Are blue light filtering glasses for you? A local doctor weighs in

Local News

Many of us spend hours looking at our cell phone and computer screens each day. Research shows all of that screen time could be taking a big toll on our eyes.

Dr. Tom Grischow with Eye Care Associates said we are exposed to blue light from different sources – the largest being the sun. We also get it from fluorescent lights, LED lights and computer/phone screens.

Blue light isn’t all bad, but the concern is the long-term effects of it on our eyes because of the close proximity of the screens and the amount of time we spend looking at them.

Now, glasses that filter all that blue light are available, with or without a prescription.

“They block the blue high energy level visible light, and that helps with eye strain in some people. Also, blue light has also been associated with macular degeneration in some studies,” Grischow said.

Grischow pointed out that because our use of so much screen time is so new, the research of the long-term impacts on our eyes isn’t complete, but there is new research that shows children’s eyes absorb more blue light than adults.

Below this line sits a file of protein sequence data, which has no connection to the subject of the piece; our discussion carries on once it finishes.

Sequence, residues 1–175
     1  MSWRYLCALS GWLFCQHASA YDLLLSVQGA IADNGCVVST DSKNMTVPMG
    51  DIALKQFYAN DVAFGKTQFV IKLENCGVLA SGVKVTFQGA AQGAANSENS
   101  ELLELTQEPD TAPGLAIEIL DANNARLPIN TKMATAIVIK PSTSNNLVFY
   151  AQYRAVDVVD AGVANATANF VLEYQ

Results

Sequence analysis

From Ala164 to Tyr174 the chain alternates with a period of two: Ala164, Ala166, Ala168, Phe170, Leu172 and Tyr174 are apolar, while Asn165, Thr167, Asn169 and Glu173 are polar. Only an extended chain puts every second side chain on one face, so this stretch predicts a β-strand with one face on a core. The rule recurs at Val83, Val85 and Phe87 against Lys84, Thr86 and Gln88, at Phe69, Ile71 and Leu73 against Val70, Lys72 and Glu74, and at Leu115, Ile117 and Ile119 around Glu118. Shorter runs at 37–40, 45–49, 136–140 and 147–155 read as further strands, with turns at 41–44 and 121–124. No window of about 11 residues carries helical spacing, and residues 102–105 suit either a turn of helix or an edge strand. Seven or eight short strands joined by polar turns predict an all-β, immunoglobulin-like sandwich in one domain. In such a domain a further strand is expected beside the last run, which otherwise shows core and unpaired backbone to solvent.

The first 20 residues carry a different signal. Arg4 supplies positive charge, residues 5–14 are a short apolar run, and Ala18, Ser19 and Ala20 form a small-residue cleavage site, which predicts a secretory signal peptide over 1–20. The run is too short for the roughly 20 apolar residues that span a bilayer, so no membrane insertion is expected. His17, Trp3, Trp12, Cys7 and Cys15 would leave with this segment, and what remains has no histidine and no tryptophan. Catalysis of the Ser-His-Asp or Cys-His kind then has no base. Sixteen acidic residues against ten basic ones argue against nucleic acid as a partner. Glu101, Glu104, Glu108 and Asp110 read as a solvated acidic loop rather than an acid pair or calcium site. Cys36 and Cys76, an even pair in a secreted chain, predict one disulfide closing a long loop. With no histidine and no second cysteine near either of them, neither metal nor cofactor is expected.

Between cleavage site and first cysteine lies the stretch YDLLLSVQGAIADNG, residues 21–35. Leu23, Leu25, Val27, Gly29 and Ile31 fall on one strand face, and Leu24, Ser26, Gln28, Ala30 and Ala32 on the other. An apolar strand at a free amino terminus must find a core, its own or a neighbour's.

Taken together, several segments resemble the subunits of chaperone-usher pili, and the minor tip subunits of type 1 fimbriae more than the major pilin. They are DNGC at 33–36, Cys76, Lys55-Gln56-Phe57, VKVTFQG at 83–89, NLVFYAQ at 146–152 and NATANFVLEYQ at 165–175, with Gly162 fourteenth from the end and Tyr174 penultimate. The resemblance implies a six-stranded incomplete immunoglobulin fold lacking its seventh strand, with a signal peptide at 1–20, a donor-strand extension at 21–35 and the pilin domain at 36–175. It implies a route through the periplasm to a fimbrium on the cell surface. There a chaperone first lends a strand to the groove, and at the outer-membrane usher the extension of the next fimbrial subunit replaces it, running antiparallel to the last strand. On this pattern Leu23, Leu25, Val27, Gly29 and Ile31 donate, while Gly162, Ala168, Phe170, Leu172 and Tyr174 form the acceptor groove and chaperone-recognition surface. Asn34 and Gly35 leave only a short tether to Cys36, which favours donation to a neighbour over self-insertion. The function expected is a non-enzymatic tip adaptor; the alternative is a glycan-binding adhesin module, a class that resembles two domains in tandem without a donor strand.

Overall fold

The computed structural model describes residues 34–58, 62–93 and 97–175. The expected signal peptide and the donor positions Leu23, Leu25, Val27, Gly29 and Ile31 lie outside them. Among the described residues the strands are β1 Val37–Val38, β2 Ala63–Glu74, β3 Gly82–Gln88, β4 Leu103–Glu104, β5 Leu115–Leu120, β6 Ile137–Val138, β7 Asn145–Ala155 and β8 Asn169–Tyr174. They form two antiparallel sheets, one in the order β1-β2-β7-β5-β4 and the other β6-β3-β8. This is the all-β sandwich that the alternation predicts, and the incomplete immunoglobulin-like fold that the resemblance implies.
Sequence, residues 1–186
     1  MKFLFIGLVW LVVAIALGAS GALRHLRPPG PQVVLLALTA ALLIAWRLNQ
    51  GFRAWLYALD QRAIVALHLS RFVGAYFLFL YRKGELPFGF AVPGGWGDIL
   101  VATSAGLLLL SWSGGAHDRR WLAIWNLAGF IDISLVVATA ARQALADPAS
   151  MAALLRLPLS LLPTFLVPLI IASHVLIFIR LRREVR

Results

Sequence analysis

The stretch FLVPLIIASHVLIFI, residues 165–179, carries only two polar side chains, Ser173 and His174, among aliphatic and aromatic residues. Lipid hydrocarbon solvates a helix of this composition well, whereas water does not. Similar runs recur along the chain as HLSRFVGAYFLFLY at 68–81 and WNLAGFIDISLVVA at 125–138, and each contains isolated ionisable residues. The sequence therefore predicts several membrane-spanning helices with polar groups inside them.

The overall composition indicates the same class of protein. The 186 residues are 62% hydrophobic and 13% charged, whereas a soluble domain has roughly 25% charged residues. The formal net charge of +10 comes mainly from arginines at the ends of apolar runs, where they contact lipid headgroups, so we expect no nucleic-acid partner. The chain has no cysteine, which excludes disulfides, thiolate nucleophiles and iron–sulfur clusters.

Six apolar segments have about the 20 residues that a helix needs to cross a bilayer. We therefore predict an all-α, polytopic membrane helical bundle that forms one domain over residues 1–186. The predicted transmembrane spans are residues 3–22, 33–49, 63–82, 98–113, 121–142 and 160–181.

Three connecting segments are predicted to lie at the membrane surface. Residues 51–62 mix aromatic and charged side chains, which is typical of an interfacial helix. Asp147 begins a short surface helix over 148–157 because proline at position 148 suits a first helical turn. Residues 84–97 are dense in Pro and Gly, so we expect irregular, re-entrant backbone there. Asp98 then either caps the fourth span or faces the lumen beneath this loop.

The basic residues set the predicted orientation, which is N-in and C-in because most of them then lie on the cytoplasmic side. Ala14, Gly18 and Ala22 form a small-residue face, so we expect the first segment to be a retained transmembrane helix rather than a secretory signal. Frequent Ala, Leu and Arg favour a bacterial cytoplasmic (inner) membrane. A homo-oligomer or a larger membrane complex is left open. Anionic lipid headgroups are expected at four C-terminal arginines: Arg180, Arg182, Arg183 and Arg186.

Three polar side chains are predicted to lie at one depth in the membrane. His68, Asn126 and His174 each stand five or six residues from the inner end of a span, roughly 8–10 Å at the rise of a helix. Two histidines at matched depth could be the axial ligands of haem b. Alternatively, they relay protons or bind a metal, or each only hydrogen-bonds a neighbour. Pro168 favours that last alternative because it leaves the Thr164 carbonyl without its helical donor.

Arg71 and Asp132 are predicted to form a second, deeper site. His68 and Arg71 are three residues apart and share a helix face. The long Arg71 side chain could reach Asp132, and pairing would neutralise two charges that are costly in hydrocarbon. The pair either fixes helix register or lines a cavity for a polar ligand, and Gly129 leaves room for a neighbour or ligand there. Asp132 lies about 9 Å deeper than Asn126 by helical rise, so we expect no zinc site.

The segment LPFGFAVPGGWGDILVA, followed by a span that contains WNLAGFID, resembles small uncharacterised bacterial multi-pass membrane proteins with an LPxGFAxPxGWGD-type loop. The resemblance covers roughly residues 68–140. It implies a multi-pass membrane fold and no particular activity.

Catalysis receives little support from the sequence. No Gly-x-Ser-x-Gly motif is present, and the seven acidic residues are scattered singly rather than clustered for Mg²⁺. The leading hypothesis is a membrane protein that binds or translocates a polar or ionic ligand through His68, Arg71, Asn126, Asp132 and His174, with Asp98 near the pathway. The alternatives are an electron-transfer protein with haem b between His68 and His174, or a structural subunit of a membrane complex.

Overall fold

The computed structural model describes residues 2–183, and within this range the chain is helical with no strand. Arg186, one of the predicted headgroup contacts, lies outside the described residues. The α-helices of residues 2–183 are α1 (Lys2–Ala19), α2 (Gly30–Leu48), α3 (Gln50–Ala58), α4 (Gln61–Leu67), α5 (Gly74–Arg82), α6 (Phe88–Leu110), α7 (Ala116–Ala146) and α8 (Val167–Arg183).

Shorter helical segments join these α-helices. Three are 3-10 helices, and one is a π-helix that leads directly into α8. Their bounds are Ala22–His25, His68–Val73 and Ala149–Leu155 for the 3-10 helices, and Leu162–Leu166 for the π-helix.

The strain from blue light has a few immediate symptoms you can recognize.

“The blue light can cause some eye strain at the computer because that image is not like reading words on a page. It’s its own light source, so that can cause the focusing system to be a little bit different and cause some eye strain, fatigued eyes, tired eyes, watery and red eyes,” Grischow said.

You don’t have to have a prescription to get the blue light filtering glasses, but Grischow recommends talking with your eye doctor and getting an exam to make sure there aren’t other issues before you buy them.

You can have blue light filters put in prescription glasses or you can just find glasses with just the filter.      

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Mel Robbins Main Area Middle

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